Academic Programs 

Introduction to World Religions   (HI-530)
  Fall 2005

What does it mean to be a Hindu, a Muslim, a Hindu or a Jew in the contemporary world? In this course we will read the (auto)biographies of 20th and 21st century people of faith who talk about their personal religious experiences in the context of the historical traditions of which they are a part. Readings will include the spiritual journeys of both men and women as they reflect on such issues as the nature and relationship of human and divine, the meaning of sacred and secular, and how to live in this world while preparing for the next.


Meeting Day, Time and Dates: 
Thursdays from 4:30 p.m. to 6:50 p.m., beginning September 22  


Jane I. Smith
Professor of Islamic Studies and Christian-Muslim Relations

Contact Information:
(860) 509-9500


Course Syllabus

Readings: (available in Seminary bookstore)


Cowan, Paul. An Orphan in History. Woodstock VT: Jewish Lights Publishing,    1982/2002.

Esack, Farid. On Being a Muslim. Finding a religious path in the world today. Oxford: Oneworld, 1999.

Mackenzie, Vicki. Cave in the Snow. Tenzim Palmoís Quest for Enlightenment. Bloomsbury, 1998.

Reymond, Lizelle. My Life with a Brahmin Family. Baltimore: Penguin Book, 1957.

Optional: (student must choose one of these)

Feld, Merle. A Spiritual Life. A Jewish feminist journey. Albany, NY: SUNY, 1999.

Hanh, Thich Nhat. My Masterís Robe. Memories of a Novice Monk. Berkeley: Parallax Press, 2002.

Mernissi, Fatima. Dreams of Trespass. Tales of a Harem Girlhood.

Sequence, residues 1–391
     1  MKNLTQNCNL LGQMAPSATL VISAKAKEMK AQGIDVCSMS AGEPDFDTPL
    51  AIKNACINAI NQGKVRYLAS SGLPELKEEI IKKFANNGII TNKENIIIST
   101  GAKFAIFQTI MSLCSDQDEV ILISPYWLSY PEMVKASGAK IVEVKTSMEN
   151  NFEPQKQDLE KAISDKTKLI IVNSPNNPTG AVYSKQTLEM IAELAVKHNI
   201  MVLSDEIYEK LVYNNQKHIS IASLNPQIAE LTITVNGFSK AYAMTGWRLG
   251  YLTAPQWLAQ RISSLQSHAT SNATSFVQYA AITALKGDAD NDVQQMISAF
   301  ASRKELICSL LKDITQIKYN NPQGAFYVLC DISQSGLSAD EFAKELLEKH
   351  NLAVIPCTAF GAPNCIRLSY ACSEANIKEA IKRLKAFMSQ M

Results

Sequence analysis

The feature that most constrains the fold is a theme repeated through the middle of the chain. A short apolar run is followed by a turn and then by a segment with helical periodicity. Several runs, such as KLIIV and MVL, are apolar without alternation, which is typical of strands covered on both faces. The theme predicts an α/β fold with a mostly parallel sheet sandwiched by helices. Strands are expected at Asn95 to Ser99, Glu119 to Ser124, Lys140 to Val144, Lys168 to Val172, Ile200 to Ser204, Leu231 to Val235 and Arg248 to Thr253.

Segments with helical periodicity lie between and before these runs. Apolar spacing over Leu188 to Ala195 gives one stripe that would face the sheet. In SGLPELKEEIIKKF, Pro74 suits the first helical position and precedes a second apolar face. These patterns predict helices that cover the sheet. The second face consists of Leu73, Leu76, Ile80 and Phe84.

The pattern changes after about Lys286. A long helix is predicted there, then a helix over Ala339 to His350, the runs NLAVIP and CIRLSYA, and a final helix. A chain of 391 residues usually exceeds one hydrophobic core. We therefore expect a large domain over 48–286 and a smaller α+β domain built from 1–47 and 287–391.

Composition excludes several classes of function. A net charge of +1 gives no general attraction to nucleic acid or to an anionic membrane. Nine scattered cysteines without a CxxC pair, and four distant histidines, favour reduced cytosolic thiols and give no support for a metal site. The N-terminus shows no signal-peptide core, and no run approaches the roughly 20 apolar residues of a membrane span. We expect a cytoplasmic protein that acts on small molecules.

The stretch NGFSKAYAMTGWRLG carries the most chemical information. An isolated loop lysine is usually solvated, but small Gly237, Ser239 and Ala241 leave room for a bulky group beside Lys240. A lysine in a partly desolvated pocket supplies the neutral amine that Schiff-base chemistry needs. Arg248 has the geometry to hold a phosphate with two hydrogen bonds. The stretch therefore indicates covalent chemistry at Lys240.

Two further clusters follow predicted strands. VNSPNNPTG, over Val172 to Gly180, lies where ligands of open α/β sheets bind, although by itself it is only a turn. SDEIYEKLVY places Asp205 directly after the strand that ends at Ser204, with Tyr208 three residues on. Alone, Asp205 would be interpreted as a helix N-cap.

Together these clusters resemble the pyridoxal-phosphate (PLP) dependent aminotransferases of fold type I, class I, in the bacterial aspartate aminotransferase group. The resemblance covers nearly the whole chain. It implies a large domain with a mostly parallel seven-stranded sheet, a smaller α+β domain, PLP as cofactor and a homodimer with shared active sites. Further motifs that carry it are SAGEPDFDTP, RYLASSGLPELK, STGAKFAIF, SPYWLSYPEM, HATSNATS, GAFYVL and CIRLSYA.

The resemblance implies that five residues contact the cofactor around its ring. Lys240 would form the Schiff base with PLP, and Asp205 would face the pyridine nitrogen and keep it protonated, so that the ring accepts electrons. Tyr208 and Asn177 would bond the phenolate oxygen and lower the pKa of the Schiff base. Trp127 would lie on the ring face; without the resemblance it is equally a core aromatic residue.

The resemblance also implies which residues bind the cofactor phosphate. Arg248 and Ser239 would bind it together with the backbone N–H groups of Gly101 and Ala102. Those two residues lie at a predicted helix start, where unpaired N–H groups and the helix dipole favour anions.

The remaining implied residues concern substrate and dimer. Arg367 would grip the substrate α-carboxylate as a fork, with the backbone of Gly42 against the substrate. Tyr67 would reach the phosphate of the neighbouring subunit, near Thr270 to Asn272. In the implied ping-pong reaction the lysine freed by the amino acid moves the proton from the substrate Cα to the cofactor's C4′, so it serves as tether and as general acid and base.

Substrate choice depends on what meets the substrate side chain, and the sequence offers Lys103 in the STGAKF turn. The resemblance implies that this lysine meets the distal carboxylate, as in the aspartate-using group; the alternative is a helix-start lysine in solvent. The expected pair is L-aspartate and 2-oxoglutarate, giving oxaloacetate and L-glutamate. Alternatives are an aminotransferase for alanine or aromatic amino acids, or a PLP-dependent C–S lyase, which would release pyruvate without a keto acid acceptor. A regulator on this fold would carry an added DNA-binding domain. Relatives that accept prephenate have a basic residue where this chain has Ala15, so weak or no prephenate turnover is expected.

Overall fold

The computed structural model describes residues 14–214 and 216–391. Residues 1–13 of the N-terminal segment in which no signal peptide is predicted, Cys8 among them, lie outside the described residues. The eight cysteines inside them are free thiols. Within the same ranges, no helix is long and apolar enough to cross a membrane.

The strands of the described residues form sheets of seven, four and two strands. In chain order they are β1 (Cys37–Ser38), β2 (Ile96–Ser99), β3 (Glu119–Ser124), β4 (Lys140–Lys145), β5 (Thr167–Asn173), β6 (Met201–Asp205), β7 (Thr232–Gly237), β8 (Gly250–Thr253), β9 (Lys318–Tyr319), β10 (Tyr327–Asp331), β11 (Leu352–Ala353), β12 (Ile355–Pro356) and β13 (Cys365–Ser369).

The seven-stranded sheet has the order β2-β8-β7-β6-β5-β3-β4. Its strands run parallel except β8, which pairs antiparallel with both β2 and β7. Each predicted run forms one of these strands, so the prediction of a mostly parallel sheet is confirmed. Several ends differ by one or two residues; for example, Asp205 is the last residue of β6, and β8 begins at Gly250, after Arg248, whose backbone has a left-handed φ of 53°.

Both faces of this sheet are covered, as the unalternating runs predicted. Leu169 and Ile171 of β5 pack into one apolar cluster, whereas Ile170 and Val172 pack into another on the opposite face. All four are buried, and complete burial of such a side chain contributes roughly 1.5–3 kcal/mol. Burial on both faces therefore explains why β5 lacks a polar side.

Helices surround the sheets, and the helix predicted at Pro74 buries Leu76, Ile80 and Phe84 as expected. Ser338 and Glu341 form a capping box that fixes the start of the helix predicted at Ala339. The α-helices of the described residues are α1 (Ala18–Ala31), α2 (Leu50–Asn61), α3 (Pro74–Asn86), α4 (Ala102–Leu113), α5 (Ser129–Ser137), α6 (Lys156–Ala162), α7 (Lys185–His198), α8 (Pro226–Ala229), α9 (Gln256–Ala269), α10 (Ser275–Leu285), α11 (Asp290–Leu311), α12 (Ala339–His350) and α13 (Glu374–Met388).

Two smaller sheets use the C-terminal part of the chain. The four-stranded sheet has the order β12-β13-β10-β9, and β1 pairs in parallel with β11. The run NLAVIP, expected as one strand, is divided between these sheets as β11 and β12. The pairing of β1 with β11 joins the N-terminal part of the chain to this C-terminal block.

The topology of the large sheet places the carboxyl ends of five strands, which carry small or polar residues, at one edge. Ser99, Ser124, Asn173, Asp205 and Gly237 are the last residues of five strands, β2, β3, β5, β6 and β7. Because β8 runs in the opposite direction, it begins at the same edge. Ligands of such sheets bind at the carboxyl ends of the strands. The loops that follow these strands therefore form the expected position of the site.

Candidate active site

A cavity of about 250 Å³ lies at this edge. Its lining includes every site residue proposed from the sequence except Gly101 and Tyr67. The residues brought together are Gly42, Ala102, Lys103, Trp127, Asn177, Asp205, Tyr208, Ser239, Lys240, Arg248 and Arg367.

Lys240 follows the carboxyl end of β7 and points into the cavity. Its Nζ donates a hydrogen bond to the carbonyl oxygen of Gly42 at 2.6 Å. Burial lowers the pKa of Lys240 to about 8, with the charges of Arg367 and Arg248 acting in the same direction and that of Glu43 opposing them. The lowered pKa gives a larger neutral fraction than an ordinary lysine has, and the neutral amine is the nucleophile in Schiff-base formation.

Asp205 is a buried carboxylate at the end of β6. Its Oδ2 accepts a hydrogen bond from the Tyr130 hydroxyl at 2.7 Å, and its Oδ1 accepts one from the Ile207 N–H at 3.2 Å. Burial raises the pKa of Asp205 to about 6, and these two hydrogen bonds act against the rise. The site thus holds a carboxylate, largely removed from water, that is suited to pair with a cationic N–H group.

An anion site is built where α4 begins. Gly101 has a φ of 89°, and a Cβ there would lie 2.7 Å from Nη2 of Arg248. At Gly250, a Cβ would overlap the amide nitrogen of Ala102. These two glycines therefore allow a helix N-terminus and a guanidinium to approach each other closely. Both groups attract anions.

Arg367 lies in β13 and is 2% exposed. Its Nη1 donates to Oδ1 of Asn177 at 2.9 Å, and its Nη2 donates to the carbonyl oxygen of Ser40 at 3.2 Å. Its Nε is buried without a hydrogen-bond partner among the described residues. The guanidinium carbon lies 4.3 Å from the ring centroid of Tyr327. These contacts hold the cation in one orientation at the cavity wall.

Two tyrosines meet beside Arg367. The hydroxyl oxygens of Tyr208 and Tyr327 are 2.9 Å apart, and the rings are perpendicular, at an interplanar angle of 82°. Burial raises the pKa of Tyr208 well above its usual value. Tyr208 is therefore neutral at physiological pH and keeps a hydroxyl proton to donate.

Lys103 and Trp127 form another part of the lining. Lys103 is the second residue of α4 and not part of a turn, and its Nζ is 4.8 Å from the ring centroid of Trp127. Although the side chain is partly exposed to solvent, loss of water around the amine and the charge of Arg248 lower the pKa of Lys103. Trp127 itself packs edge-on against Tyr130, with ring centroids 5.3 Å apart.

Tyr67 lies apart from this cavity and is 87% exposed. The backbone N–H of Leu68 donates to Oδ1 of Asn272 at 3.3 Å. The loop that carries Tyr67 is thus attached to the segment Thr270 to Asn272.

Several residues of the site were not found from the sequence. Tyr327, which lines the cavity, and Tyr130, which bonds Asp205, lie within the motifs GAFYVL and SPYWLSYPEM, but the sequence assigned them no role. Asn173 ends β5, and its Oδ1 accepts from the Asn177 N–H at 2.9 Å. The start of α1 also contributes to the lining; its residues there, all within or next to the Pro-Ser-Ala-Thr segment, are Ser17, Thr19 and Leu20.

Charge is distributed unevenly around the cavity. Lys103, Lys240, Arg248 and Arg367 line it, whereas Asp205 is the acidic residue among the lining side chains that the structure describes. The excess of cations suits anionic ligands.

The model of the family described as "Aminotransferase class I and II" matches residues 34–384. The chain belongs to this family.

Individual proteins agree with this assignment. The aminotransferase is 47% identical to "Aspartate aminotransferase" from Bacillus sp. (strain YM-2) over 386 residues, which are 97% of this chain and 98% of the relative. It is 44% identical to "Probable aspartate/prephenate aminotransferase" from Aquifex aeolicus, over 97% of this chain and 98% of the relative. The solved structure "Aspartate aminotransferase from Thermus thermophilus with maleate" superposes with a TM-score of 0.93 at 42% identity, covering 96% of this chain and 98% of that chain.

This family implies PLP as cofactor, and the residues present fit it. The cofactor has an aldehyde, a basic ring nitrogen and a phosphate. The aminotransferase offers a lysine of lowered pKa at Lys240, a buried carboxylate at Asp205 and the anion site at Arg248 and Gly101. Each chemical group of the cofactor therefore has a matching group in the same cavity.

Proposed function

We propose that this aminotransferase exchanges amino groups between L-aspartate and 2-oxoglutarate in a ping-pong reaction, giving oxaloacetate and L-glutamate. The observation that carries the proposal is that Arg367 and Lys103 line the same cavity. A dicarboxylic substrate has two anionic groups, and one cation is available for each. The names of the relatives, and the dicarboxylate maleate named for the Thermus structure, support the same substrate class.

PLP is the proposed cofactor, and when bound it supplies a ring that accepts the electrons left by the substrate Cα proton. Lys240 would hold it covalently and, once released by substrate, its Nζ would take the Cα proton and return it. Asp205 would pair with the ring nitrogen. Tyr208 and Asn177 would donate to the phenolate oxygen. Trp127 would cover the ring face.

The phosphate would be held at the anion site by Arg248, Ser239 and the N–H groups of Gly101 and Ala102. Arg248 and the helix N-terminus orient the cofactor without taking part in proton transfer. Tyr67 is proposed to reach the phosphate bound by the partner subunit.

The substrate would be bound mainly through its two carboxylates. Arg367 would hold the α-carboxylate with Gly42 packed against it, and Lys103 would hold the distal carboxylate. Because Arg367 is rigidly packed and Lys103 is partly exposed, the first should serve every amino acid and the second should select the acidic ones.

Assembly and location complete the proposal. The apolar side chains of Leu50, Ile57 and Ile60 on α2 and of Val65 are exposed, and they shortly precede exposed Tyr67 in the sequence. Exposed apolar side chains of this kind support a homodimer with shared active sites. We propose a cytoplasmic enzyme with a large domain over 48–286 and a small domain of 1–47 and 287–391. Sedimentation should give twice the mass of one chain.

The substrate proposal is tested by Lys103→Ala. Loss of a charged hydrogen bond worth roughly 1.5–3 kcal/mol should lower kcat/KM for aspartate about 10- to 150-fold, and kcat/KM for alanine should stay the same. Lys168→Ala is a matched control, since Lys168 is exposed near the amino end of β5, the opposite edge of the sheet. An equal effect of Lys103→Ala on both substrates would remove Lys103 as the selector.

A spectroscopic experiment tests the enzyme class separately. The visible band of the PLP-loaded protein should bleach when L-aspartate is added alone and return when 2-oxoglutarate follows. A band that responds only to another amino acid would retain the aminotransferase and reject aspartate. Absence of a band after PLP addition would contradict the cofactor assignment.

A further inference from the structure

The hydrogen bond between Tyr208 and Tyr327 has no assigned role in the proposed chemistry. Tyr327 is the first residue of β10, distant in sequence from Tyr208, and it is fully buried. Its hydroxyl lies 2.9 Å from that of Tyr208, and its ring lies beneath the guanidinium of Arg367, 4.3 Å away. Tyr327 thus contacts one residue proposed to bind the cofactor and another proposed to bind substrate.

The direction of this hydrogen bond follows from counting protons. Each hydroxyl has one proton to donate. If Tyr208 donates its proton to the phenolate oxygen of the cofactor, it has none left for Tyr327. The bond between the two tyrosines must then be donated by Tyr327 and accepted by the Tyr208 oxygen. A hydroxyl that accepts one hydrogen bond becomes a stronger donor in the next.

Class Sessions:

September 15:    NO CLASS 

September 22:    Introduction

September 29:    Questions for consideration; introduction to Hinduism

October 6:           Devotional Hinduism; discussion of reading

Reading: My Life with a Brahman Family

October 13:         Introduction to Buddhism; discussion of reading

Reading:  selected passages from Sri Aurobindo (distributed in Xerox)

October 20:         Developments in Buddhism; discussion of reading

Reading:  Cave in the Snow

October 27:         Film or speaker; discussion of reading

Reading:  My Masterís Robe (optional)


November 10:      Visit to synagogue   

November 17:       Guest speaker on Judaism; discussion of reading

Reading:   An Orphan in History; A Spiritual Life (optional)


December 1:         Introduction to Islam; Islam in the West; women in Islam

December 8:         Discussion of reading

Reading:  On Being a Muslim; Dreams of Trespass (optional)

December 15:        Conclusion


1.      Reading all required texts in time to participate in class discussion. In addition, each class participant must read one of the optional texts in time for relevant discussion in class (total of 5 books).      

2.      Writing 5 short essays. For each book read (including one optional text) students must write a 3-4 page paper, double spaced, responding to one of the questions distributed.

3.      Leading class discussions. Each person will share with others in leading the discussion on a particular text, assignments to be made at the beginning of class.



Hartford Seminary  77 Sherman Street  Hartford, CT  06105   860-509-9500